Cartoons, as we jump into 2011, are well-represented in what is still called Prime Time:
Top Prime Time Shows -- January 3-9
2) The Simpsons -- 12.55 million
5) Family Guy -- 9.33 million
7) Bob'S Burgers -- 9.38 million*
15) The Cleveland Show -- 7.39 million...
Fox has clearly cornered the market in nighttime animation. All the scripting is done under the WGAw while the boarding, designing and directing is performed under an Animation Guild contract.
At the time the WGA finally got around to organizing the Simpsons' writers back in 1997, the complaints from other studios were audible. Corporate types said to me over lunch: "Oooh. Disney, Sony, Warner Bros? They aren't happy with what Fox is doing."
I'm sure they weren't, but in my experience big fat conglomerates act in their own perceived self-interest, not according to the wishes of fellow congloms. And in '97, Fox's interest was in keeping the Yellow Family franchise operating smoothly. So when The Simpsons writers got rambunctious and demanded a contract (threatening the flow of News Corp.'s high-rated shows), Rupert's minions did a deal with the Guild. (Leverage = power.)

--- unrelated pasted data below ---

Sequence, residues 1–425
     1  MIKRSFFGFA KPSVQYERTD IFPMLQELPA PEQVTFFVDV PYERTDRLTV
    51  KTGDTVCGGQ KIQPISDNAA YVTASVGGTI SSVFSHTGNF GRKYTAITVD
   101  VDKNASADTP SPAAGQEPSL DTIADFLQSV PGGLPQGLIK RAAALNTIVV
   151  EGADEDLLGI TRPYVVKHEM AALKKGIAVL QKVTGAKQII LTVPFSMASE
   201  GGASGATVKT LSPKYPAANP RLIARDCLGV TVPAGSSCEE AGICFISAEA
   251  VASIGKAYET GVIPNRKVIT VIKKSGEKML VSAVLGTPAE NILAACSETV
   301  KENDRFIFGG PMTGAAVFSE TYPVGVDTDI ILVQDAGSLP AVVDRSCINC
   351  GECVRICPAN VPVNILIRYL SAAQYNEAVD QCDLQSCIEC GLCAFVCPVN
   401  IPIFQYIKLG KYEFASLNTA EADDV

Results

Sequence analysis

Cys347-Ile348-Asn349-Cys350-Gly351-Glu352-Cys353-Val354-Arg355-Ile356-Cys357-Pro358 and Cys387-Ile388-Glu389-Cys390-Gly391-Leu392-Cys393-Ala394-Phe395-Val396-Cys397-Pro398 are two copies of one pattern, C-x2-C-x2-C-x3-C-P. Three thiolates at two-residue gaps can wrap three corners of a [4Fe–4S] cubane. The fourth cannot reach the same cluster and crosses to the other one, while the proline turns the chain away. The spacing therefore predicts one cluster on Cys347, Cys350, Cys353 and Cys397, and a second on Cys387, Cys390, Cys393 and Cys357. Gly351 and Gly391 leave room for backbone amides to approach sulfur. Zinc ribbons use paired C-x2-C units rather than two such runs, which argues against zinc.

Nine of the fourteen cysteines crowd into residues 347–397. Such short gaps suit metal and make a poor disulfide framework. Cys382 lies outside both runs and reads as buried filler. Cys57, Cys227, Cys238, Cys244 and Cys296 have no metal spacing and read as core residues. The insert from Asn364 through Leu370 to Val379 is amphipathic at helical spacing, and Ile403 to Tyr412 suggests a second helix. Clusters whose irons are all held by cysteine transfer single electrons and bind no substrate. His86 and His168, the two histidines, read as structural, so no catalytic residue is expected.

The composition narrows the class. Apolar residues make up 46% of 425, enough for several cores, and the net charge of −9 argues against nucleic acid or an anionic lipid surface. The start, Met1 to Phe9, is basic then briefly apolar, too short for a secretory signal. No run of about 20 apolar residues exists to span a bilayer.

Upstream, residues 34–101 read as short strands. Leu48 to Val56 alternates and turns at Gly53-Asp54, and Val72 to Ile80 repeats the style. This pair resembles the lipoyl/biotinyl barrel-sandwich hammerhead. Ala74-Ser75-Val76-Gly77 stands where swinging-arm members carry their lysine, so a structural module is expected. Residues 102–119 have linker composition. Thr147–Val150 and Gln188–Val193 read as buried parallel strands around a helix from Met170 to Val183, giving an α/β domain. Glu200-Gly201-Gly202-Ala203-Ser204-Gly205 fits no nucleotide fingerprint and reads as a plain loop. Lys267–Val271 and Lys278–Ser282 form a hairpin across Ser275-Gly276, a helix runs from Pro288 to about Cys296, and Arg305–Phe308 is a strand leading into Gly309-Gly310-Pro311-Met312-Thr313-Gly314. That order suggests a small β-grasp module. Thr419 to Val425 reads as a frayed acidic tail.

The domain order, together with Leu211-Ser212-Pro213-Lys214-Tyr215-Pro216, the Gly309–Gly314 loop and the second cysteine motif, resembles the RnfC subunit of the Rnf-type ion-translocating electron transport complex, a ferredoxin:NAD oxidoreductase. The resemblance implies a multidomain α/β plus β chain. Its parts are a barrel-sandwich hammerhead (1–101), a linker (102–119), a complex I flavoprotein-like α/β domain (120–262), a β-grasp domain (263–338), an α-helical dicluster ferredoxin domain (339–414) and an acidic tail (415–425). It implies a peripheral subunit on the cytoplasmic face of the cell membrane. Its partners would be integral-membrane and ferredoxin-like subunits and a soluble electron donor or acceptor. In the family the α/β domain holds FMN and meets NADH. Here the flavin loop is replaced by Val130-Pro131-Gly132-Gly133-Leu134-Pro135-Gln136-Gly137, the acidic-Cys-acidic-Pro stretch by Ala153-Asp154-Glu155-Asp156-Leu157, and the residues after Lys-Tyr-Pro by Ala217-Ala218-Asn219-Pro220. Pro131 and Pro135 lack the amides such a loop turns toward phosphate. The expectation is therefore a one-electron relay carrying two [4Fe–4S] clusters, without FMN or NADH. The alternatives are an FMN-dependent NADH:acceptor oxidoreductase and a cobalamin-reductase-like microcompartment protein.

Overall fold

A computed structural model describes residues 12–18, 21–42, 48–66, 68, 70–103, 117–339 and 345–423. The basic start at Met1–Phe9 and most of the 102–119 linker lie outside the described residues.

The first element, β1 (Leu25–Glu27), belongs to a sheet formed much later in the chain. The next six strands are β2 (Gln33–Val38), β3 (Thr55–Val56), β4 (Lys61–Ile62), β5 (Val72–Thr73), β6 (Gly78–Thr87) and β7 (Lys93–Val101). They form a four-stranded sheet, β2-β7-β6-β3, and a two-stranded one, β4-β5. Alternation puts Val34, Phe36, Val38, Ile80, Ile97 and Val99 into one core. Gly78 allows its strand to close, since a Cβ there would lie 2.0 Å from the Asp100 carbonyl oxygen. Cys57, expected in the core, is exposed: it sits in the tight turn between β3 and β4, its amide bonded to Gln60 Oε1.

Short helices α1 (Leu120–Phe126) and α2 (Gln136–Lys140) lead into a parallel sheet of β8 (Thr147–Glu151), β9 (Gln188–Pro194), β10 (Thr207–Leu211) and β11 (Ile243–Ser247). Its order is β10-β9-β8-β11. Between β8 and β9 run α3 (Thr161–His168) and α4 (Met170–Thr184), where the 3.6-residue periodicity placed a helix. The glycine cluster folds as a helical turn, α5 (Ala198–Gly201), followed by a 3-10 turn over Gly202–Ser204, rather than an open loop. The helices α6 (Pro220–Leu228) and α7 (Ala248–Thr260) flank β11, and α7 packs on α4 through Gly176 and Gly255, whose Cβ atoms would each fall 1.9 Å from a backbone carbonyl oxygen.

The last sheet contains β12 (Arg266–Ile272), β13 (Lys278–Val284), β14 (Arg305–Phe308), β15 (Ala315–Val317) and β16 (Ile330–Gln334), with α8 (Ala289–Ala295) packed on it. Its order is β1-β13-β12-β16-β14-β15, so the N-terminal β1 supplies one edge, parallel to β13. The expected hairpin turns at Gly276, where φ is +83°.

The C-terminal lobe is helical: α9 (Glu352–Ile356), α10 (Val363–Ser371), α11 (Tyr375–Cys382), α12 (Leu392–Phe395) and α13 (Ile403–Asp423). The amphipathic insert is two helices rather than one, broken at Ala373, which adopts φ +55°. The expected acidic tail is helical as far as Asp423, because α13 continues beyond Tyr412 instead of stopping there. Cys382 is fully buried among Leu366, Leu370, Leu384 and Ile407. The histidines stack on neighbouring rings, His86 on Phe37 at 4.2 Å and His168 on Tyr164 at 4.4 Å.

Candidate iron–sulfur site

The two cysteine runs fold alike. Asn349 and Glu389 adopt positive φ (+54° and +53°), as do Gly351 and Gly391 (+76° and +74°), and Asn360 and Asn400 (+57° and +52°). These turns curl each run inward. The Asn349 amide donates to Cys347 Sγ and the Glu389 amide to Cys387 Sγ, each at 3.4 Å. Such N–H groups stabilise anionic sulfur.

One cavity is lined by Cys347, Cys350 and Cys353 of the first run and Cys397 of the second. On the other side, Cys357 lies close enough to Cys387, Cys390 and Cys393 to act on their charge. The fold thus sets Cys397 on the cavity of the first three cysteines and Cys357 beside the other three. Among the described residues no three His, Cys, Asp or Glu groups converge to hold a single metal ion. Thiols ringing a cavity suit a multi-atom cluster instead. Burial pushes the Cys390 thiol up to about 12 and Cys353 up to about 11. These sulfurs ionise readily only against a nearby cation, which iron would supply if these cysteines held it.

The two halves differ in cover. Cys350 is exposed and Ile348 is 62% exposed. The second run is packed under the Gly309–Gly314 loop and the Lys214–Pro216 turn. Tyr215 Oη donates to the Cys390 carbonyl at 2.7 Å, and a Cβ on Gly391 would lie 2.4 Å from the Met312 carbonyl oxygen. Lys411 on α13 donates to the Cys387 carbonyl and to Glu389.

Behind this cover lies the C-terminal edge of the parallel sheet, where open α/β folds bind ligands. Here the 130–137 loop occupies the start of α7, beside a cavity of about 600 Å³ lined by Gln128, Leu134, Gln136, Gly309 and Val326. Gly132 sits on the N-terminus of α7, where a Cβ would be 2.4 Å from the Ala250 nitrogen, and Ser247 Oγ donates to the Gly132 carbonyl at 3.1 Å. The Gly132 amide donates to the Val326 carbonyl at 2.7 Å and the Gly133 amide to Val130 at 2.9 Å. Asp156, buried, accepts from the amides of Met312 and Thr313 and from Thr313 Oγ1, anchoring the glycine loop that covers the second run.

Obviously the deal has long-since paid off. Being #2 after twenty years on the air ain't shabby.
* Why does a lower-rated show have a bigger audience than a higher-rated show? Because the viewer numbers on the far right represent total audience, and the ratings ranks are determined by the 18-49 demographic. We're dealing with different numbers.